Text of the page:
Cosmetics Giant Gave Men Lesser Paid Parental Leave and Related Benefits, Federal Agency Says
PHILADELPHIA— Estee Lauder Companies, Inc., one of the world’s leading manufacturers and marketers of skin care, makeup, fragrance and hair care products, violated federal law when it implemented and administered a paid parental leave program that automatically provides male employees who are new fathers lesser parental leave benefits than are provided to female employees who are new mothers, the Equal Employment Opportunity Commission (EEOC) alleged in a lawsuit it announced today.
According to the suit, in 2013 Estee Lauder adopted a new parental leave program to provide employees with paid leave for purposes of bonding with a new child, as well as flexible return-to-work benefits when the child bonding leave expired. Under its parental leave program, in addition to paid leave already provided to new mothers to recover from childbirth, Estee Lauder also provides eligible new mothers an additional six weeks of paid parental leave for child bonding. Estee Lauder only offers new fathers whose partners have given birth two weeks of paid leave for child bonding. The suit also alleges that new mothers are provided with flexible return-to-work benefits upon expiration of child bonding leave that are not similarly provided to new fathers.
The case arose when a male employee working as a stock person in an Estee Lauder store in Maryland sought parental leave benefits after his child was born. He requested, and was denied, the six weeks of child-bonding leave that biological mothers automatically receive, and was allowed only two weeks of leave to bond with his newborn child. Such conduct violates Title VII of the Civil Rights Act of 1964 (Title VII) and the Equal Pay Act of 1963, which prohibit discrimination in pay or benefits based on sex. The suit seeks relief for the affected employee, and other male employees who were denied equal parental leave benefits because of their sex.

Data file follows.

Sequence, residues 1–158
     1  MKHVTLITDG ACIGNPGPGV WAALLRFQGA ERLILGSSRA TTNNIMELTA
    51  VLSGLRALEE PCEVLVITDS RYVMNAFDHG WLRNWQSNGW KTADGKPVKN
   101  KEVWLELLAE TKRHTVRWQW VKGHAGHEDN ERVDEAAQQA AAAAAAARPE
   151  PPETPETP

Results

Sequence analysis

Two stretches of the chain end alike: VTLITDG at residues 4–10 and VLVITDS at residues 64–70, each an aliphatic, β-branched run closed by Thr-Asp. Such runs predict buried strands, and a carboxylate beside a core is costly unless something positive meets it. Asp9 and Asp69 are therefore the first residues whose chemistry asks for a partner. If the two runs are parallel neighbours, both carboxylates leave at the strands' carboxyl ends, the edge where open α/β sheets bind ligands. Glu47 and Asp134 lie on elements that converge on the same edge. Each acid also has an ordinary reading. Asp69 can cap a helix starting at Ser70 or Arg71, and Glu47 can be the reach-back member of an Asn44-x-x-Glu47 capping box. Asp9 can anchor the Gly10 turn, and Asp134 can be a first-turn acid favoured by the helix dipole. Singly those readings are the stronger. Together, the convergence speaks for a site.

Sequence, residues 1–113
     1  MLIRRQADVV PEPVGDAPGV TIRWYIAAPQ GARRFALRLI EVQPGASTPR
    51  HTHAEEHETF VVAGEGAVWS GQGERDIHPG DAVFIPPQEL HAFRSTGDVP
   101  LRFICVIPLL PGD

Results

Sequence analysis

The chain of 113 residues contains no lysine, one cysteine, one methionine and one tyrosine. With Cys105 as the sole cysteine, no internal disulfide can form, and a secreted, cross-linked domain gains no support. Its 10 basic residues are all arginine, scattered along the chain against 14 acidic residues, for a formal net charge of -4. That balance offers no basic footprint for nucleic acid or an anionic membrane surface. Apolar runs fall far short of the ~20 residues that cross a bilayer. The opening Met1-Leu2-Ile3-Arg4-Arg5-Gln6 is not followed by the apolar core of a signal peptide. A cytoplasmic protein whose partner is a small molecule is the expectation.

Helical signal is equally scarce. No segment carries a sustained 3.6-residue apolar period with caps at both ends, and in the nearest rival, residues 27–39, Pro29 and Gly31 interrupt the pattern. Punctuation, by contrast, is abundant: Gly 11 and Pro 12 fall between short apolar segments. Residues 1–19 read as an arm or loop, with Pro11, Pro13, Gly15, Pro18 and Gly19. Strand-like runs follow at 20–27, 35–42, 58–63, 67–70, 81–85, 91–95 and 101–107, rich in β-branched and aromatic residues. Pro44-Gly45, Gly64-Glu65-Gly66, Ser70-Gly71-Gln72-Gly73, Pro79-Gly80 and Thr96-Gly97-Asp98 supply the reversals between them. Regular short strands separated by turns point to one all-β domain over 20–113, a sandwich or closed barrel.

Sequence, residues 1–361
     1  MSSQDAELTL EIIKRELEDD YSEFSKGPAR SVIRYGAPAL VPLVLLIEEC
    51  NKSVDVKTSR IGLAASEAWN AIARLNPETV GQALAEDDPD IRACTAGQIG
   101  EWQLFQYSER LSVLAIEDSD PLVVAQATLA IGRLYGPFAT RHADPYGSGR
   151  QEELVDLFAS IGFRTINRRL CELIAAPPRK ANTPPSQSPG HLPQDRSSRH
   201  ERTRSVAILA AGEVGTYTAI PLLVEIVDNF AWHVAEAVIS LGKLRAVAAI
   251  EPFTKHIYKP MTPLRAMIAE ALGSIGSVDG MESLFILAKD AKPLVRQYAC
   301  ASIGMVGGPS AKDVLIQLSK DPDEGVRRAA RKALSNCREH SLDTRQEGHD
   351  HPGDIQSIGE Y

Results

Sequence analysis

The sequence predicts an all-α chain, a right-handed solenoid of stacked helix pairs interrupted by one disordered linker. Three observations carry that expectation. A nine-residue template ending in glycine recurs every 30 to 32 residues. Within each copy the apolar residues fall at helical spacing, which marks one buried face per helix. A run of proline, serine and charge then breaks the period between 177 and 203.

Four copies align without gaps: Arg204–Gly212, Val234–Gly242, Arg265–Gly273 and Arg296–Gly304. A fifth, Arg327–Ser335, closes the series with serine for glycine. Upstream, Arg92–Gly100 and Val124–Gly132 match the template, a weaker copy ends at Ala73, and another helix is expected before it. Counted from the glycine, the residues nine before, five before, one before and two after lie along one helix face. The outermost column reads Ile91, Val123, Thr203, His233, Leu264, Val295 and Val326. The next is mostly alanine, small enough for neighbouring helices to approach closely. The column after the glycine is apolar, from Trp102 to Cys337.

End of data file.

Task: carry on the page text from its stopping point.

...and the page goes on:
The EEOC’s Washington Field Office investigated the charge of discrimination that led to this suit. The EEOC filed suit (EEOC v. Estee Lauder Companies, Inc., Civil Action No. —) in U.S. District Court for the Eastern District of Pennsylvania after first attempting to reach a pre-litigation settlement through its conciliation process. As part of the suit, the EEOC is seeking back pay and compensatory and punitive damages on behalf of the aggrieved class members, as well as injunctive relief.
“It is wonderful when employers provide paid parental leave and flexible work arrangements, but federal law requires equal pay, including benefits, for equal work, and that applies to men as well as women,” said EEOC Washington Field Office Acting Director Mindy Weinstein.
EEOC Philadelphia District Office Regional Attorney Debra M. Lawrence added, “Addressing sex-based pay discrimination, including in benefits such as paid leave, is a priority issue for the Commission.”
Enforcement of equal pay laws, including targeting compensation systems and practices that discriminate based on gender, is of one of six national priorities identified by the Commission’s Strategic Enforcement Plan.
The EEOC Philadelphia District Office has jurisdiction over Pennsylvania, Maryland, Delaware, West Virginia and parts of New Jersey and Ohio. Attorneys in the EEOC Philadelphia District Office also prosecute discrimination cases arising from Washington, D.C. and parts of Virginia.
The EEOC advances opportunity in the workplace by enforcing federal laws prohibiting employment discrimination. More information is available at www.eeoc.gov.